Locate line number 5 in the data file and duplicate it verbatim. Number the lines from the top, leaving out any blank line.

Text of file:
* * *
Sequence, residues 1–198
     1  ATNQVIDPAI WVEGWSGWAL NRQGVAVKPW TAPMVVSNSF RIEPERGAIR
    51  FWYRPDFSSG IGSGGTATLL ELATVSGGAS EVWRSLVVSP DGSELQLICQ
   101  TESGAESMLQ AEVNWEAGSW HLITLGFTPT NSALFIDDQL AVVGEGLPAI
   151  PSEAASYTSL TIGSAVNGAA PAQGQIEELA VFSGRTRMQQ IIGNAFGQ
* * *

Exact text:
   151  PSEAASYTSL TIGSAVNGAA PAQGQIEELA VFSGRTRMQQ IIGNAFGQ